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Shahbagh: A boon for street vendors
Publication Date : 22-02-2013
A man balances a huge plastic bag filled with dough shells on his head. He threads his way through the crowds in Projonmo Chattar in Dhaka. Mohammad Shahab Uddin, a street food vendor, is waiting for him. Uddin has run out of the shells to make bhelpuri, a popular snack.
“I have never sold more bhelpuris than here,” Uddin says. In spite of huge competition from other vendors, his sales have been on a record high at the protest scene.
Compared to ordinary days, Shahab Uddin's sales have grown from 2,000 to 3,000 Bangladeshi taka (US$27-37 approx.) to more than 4,000 to 5,000 taka per day.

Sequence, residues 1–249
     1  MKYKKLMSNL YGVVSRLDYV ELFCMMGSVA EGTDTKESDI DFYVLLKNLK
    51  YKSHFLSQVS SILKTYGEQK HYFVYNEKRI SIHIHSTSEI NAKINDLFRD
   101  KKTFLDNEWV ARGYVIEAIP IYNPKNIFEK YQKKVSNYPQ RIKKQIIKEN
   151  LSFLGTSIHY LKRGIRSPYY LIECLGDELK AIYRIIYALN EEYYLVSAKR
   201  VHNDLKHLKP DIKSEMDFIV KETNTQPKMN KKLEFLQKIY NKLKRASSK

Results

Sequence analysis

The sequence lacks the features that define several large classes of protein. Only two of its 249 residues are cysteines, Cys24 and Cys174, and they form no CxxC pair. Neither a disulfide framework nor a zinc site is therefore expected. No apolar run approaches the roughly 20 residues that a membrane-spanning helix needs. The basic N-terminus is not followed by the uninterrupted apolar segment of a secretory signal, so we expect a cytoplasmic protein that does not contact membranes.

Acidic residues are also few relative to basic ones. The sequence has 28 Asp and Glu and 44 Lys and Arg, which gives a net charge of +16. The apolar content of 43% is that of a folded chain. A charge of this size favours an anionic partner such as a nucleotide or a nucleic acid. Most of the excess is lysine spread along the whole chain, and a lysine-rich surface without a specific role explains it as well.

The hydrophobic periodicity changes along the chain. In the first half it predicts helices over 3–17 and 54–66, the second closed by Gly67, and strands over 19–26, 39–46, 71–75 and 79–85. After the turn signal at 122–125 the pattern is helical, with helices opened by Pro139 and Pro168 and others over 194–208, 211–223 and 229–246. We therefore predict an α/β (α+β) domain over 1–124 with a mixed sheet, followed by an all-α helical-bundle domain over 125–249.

Normally, one has to go to the New Market or some particular spots in Dhaka to get I. But since the food salesmen have installed themselves on Projonmo Chattar, the snacks are easily available next to other street food like fried lobster heads, shrimp pakora, mixed chola, guava and star fruit with mustard or puri.
Every salesman approached by The Daily Star appeared happy with the business. They profit not only by serving the crowds on Projonmo Chattar, but also the visitors of the ongoing one-month book fair on the nearby Bangla Academy premises.
Mohammad Nipob Hossain, a seller of spicy puffed rice, has almost doubled his sales. Normally, the light snack brings in about 800 taka per day. But on the protest square his sales are around 1,500 taka daily.
Next to the fried, spicy and salty specialties, healthier options like beautifully carved carrots, hog plums or cucumbers are also popular. Shaheen Rassel raised his carrot sales from 1,000 taka to 2,000 taka per day, he said.
For sweet lovers, Projonmo Chattar also offers a wide range to choose from--rice pudding, soan papri, candy floss or dried mango beside different types of candies.